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Performing Basic Hebrew Word Studies

Hebrew Word Studies -

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An Introduction for Learners of Biblical Hebrew

Overview of the Topic

Although it would be ideal to study Biblical Hebrew by immersing oneself in Hebrew grammar, vocabulary, and the entire range of scriptural readings, most of us are in the midst of the learning process and must still rely heavily on lexicons and other linguistic helps while studying the Biblical text. Although this is regrettable (and in some ways a result of the negligence of our forefathers’ interest in the Jewish roots of our faith), there is still a lot of work that we can do to better understand the Scriptures from the Hebraic mindset.

The Importance of Jewish Culture

One piece of this work is to become familiar with Jewish history, Jewish culture, and the distinctively Jewish ways of reading the Scriptures. This involves, among other things, a ready familiarity with the Jewish cycle of events (mo’edim) as instituted by Almighty God and as practiced by the Jews for hundreds of years before Jesus came to earth. We come to better understand the Jewish mindset when we actively participate in the appointed times and seasons as revealed in the Hebrew bible. We begin to sense the “weight” of certain keywords of the Jewish tradition and assign relative importance to these words as we read the Scriptures for ourselves. We begin to see and experience life differently as we become more attuned to the Jewish calendar and the life cycle of the Jew.

Sadly, most Christian bible colleges and seminaries neglect these crucial subjects and thereby often distort the meaning of Hebrew words when attempting to understand  particular passages of Scripture. This leads to exegetical errors of various kinds and to  defective understanding of the intent of the original authors of the Hebrew Bible.

Moreover, many Christians today simply do not account for the long history of scholarship concerning the various words of the Torah. The (ludicrous) assumption seems to be that since the Jewish scholars rejected Jesus as their Mashiach, they are thereby unable to comprehend the meaning of the words of the Torah. Now while it is true that regarding the Messiah the Jewish sages were blinded (Romans 9-11), this does not in any way impugn their enormous contributions in expounding the meaning of the texts of the Jewish tradition, and in particular the words of the Torah, the Nevi’im (Prophets), and the Ketuvim (Writings). The Lord Jesus Himself did not dispute the value of the Jewish sages and their learning. It is short-sighted to ignore the work of these scholars and it is exegetically perilous to attempt to discern the intent of the original (Jewish) authors of the Hebrew Scriptures without an adequate understanding of the various Jewish expository traditions.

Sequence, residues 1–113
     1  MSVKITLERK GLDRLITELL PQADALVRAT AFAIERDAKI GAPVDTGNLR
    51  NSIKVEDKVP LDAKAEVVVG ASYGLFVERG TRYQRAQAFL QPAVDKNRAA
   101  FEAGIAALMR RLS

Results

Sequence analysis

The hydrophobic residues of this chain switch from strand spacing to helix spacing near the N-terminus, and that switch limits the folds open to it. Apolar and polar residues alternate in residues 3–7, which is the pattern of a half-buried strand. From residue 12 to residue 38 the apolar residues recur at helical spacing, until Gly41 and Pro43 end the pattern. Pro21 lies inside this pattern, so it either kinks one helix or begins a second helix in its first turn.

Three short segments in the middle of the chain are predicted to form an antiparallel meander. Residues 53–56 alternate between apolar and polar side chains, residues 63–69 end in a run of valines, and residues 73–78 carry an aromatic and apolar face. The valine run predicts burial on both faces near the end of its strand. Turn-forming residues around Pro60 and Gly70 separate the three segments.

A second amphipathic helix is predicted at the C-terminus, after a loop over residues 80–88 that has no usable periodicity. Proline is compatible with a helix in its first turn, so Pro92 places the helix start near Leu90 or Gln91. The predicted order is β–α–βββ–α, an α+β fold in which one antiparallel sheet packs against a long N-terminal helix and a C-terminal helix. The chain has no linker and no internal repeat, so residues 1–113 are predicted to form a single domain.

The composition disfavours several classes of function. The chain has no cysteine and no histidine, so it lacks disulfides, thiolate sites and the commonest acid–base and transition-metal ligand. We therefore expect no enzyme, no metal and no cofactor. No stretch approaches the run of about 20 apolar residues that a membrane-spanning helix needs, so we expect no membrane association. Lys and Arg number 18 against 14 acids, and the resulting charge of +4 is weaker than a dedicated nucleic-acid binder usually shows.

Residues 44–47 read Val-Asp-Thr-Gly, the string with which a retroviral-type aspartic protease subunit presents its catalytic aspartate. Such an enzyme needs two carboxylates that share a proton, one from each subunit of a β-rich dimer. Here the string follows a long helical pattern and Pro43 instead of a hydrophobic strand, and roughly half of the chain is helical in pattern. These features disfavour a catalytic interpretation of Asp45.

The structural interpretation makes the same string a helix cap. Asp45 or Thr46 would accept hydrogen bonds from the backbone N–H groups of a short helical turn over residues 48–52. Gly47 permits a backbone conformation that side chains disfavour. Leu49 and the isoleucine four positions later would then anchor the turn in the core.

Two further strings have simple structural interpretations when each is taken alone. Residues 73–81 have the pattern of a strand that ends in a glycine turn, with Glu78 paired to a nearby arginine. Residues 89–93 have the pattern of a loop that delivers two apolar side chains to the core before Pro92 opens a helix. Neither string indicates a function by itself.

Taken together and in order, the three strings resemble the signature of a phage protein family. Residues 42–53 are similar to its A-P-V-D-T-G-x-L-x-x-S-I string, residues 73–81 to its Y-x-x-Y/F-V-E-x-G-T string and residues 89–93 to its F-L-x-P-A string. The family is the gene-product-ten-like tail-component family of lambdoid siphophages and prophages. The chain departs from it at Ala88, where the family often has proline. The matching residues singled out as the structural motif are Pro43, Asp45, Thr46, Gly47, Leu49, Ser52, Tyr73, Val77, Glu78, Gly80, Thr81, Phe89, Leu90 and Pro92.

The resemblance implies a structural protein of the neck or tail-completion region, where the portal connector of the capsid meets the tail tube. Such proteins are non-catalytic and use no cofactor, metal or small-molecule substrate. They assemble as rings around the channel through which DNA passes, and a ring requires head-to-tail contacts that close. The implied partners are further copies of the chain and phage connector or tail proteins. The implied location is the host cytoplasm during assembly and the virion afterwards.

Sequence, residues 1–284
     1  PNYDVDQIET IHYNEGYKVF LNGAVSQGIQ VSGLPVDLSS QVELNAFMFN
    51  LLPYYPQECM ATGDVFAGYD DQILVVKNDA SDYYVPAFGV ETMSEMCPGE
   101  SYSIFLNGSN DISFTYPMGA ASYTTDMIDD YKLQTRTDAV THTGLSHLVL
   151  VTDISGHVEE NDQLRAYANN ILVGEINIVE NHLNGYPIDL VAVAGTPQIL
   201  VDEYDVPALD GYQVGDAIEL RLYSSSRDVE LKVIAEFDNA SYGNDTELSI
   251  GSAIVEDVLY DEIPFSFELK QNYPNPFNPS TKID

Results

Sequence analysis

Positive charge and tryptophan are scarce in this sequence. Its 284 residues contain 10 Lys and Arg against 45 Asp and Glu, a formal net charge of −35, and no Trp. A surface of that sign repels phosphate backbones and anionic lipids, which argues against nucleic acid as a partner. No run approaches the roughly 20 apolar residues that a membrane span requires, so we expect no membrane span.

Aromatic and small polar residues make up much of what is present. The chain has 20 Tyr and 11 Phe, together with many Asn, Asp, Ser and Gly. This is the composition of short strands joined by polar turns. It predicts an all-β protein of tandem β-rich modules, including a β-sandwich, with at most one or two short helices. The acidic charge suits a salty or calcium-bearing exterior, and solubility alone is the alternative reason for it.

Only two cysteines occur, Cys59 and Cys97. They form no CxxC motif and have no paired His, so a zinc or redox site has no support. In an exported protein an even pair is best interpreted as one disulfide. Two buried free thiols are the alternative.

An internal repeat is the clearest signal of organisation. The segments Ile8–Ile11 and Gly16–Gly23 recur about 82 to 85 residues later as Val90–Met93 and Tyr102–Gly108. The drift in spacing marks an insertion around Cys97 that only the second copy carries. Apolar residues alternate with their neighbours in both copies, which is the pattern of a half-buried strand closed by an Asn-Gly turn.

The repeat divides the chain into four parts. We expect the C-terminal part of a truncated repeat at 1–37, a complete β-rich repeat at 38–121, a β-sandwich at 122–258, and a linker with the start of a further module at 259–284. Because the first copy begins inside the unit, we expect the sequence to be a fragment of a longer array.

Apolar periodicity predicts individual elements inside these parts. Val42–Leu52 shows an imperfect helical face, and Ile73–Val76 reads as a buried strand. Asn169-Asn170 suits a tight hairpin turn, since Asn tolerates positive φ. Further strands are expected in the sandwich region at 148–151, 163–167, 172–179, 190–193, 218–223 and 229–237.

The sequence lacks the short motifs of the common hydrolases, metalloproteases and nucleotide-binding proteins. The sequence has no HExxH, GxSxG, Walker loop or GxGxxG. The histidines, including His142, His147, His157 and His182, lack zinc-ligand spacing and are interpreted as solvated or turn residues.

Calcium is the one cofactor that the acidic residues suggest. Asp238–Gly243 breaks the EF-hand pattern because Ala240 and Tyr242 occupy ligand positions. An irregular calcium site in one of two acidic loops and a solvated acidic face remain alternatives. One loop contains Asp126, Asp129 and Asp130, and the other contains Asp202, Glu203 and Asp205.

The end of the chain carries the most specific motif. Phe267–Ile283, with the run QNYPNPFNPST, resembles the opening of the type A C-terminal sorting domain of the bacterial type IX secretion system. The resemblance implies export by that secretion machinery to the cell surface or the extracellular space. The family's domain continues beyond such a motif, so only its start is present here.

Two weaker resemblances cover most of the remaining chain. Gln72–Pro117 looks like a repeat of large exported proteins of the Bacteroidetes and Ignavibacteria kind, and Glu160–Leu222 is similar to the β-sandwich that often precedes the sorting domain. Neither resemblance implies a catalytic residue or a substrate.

A quick example must suffice for the present purposes of this article. Consider the word “Torah,” which is often translated as “law” in our English bibles. The word Torah derives from a root word (yarah) which means “to shoot an arrow” or “to hit the mark.” Understood in light of this, Torah does not so much denote a set of rules that (legalistically) prescribe behavior, as it reveals a sense of direction or aim in the way of life. Much confusion about the role of the Torah in the life of the Christian has resulted in the inappropriate understanding of this word. For most Jews, “Torah” simply means learning about God and observing His ways, and may include reference to the first five books of the Bible (the “Torah” of Moses), the Prophets, the Writings, the Talmud, or other Jewish scholarship as it pertains to understanding more about God.